On January 10, 2019 on the website of the Court of Justice of the European Union (CJEU) the opinion of Advocate General Kokott in the Case C-607/17, Skatteverket versus Memira Holding AB (ECLI:EU:C:2019:8) was published.
The point at issue in this case is whether a Swedish parent company has the right, on the basis of Article 49 TFEU in conjunction with Article 54 TFEU, to deduct the losses in a wholly-owned subsidiary established in Germany from its profits if that subsidiary is wound up by way of a merger with the parent company and it was not able fully to ‘use’ its losses made in Germany there.
The fundamental freedoms do not in principle require cross-border use of losses within a group. Losses arising abroad would thus be forfeited. Only in the case of final losses is it possible that cross-border use of losses is necessary, for reasons of proportionality, in accordance with the judgment delivered by the Grand Chamber of the Court of Justice in Marks & Spencer in 2005.
A number of problems have grown up around these ‘final losses’, which have already led to several decisions by the Court. However, the decisions thus far have not been able to clarify definitively the conditions for final losses, as is evident from this new reference. In this regard, the Court will presumably repeatedly be given an opportunity — if it still wishes to adhere to the final losses exception — to refine this category.
The dispute in the main proceedings and the questions referred for a preliminary ruling
· The case concerns a preliminary decision by the Skatterättsnämnden (Revenue Law Commission, Sweden). The preliminary decision is based on the following facts:
· Memira Holding AB (Memira) is the parent company of a group with subsidiaries in a number of countries, including Germany. The activity in the German subsidiary has led to losses. The economic activity of that subsidiary has now been wound down. In the subsidiary there remain only debts and certain liquid assets. The group is now considering allowing the subsidiary to merge with the Swedish parent company in a cross-border merger. The merger means the subsidiary being dissolved without liquidation. After the merger, the group will have no company remaining in Germany. The group will not operate there either, whether through the parent company or through any other company in the group.
· The German subsidiary has accumulated losses from previous years of around EUR 7.6 million in total. The losses relate to activity in Germany and arise from its lack of profitability. The losses may be deducted from tax by the subsidiary in Germany and unused losses may be carried over and deducted from any profits the subsidiary makes in future years, without limit of time. However, under German law it is not possible through a merger to carry over losses to another company which is liable for tax in Germany.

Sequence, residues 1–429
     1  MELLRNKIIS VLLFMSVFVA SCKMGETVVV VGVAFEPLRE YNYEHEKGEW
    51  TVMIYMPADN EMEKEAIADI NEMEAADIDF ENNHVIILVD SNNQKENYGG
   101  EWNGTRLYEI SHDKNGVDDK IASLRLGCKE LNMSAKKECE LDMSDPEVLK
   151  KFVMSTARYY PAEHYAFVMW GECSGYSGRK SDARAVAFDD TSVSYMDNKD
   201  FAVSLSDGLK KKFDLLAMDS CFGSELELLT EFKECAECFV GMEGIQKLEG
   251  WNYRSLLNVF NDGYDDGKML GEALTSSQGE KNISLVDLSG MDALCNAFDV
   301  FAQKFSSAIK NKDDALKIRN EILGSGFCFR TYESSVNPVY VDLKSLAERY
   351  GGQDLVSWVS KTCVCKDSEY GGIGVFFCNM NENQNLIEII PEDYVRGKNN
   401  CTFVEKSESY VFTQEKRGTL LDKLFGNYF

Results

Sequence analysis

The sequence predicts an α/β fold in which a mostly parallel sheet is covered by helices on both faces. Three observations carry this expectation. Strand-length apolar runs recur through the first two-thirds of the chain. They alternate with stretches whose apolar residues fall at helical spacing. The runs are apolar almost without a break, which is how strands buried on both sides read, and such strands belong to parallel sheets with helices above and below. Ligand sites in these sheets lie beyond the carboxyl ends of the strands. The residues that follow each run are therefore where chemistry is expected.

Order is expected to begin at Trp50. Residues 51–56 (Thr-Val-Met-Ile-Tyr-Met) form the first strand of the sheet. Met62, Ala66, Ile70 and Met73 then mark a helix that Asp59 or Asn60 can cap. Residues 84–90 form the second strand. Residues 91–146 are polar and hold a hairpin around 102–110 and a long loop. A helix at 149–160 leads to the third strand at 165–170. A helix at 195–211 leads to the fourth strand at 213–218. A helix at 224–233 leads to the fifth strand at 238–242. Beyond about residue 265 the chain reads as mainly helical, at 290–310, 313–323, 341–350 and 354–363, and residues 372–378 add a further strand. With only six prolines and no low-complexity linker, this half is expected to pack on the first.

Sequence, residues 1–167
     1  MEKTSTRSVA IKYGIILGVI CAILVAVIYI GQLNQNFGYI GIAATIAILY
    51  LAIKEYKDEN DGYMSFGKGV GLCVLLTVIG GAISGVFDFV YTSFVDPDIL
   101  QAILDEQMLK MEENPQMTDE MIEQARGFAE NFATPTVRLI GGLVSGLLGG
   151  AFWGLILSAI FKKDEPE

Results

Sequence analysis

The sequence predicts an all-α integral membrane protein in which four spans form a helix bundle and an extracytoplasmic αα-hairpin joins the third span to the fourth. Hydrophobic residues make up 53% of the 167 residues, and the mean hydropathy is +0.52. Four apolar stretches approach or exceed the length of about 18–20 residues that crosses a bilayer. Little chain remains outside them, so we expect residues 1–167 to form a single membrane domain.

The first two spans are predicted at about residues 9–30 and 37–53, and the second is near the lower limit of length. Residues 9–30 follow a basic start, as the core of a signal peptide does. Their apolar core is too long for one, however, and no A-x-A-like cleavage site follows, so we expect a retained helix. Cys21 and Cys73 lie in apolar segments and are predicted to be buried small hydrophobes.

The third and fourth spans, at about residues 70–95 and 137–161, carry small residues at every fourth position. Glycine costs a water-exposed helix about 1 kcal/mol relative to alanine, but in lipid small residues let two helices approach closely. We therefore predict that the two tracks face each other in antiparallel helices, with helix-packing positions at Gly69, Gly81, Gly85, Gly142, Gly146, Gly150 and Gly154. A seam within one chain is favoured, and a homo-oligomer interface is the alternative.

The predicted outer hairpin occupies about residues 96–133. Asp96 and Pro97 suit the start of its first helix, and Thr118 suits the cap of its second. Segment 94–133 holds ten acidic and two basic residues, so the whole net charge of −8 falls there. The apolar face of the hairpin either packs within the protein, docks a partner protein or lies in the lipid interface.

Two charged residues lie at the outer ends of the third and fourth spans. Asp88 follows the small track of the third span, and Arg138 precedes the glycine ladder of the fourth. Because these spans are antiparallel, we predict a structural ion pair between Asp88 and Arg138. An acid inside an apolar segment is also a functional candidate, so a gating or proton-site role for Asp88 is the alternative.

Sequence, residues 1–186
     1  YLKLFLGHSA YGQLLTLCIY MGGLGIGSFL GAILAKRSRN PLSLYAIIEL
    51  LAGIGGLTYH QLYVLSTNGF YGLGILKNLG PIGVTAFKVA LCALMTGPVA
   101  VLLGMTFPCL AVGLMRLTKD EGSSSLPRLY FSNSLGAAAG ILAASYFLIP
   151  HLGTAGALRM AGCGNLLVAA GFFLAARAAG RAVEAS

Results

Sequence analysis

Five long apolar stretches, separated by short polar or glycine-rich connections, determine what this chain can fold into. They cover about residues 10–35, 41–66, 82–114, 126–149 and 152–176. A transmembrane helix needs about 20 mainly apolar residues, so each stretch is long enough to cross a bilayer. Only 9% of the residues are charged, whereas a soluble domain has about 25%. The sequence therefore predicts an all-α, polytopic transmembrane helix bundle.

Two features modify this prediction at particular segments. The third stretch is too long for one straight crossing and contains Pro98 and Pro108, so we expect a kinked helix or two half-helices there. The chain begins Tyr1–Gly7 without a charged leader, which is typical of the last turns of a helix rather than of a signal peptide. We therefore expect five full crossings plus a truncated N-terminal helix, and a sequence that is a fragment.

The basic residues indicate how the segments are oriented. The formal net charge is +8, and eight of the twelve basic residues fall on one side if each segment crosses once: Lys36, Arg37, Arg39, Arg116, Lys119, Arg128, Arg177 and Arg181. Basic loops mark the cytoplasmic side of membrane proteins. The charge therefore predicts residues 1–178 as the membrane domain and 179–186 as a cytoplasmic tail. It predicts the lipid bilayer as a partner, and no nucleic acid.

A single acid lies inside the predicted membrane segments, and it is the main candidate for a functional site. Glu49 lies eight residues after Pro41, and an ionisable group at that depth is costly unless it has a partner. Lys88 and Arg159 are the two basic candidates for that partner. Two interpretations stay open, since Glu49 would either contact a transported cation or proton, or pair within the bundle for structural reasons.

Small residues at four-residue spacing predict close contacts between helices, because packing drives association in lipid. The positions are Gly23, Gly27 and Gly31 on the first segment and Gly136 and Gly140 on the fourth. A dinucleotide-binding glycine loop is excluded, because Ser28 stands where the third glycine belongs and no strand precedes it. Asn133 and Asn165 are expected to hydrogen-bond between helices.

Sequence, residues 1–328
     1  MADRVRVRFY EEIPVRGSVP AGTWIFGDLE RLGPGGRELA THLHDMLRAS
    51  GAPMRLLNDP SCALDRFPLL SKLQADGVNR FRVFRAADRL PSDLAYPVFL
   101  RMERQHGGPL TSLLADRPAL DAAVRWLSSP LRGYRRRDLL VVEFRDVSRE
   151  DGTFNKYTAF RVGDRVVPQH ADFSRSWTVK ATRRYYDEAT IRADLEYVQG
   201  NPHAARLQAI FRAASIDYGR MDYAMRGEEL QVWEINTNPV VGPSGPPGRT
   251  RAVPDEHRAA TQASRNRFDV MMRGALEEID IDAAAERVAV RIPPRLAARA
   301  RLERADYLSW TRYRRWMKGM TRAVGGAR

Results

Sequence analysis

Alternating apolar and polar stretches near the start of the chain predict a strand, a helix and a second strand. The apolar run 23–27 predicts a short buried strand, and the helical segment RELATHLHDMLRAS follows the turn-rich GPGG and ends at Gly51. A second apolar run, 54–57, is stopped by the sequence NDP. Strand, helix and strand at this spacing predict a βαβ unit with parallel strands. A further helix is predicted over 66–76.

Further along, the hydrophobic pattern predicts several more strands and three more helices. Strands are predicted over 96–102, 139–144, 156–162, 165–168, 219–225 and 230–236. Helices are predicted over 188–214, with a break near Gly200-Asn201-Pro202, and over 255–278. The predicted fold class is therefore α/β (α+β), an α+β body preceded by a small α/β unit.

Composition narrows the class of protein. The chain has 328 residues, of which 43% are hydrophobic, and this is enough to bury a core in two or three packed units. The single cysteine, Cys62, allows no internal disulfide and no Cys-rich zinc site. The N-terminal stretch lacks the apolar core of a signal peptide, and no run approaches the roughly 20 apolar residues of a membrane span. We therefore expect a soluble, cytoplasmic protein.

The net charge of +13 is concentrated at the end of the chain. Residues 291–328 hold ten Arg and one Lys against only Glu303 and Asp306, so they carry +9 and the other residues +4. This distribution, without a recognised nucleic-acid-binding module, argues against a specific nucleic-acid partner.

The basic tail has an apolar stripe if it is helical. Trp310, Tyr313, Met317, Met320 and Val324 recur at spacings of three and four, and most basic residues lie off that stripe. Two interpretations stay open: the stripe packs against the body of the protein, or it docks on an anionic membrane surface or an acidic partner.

· The Revenue Law Commission found that the company, on merging with the German subsidiary, does not satisfy the conditions for deduction in respect of the deficit on the basis of EU law. According to the Court of Justice, when assessing whether losses are definitive, it is necessary to take into account how the loss is treated under the legislation of the State where the subsidiary is established. Since, under German law, there is no possibility of using the losses on a merger with another company which is liable for tax in Germany, the losses may notbe regarded as definitive within the meaning of the Court’s case-law. There is thus no infringement of EU law.
· Both the Skatteverket (Swedish Tax Board) and the applicant Memira have appealed against the preliminary decision before the Högsta förvaltningsdomstol (Supreme Administrative Court, Sweden).
· The Högsta förvaltningsdomstol (Supreme Administrative Court), which is hearing the dispute, has referred the following questions to the Court:
1. Must account be taken, in the assessment of whether a loss in a subsidiary in another Member State is definitive within the meaning given in, inter alia, the case of A, and the parent company may thus deduct the loss on the basis of Article 49 TFEU, of the fact that, under the rules of the subsidiary’s State, there are restrictions on the possibility for parties other than the party itself which made the loss to deduct the loss?
2. If a restriction such as that referred to in question 1 must be taken into consideration, must account then be taken of whether, in the case in question, there actually is another party in the subsidiary’s State which could have deducted the losses if that were permitted there?
· In the proceedings before the Court, Memira, the Kingdom of Sweden, the Federal Republic of Germany, the United Kingdom, the Republic of Finland, the Italian Republic and the European Commission submitted written observations on these questions. The Swedish Tax Board, the Kingdom of Sweden, the Federal Republic of Germany, the Republic of Finland and the European Commission took part in the hearing on 24 October 2018.
The Advocate General proposes that the questions referred by the Högsta förvaltningsdomstol (Supreme Administrative Court, Sweden) be answered as follows:
1. Article 49 TFEU in conjunction with Article 54 TFEU requires, for the cross-border setting-off of losses, that it is legally possible to use the losses in the subsidiary’s State and that that possibility is taken by the taxable person. Such possibility of use includes a realisation of losses by way of a merger with a third party or a realisation by way of a sale of the company to a third party.
2. It is irrelevant to this conclusion whether in the case in question the group has other companies in the subsidiary’s State to which it would have been possible to transfer losses.
A. The questions referred
· Both questions referred relate to final losses in a subsidiary which ceases to exist as a result of a merger.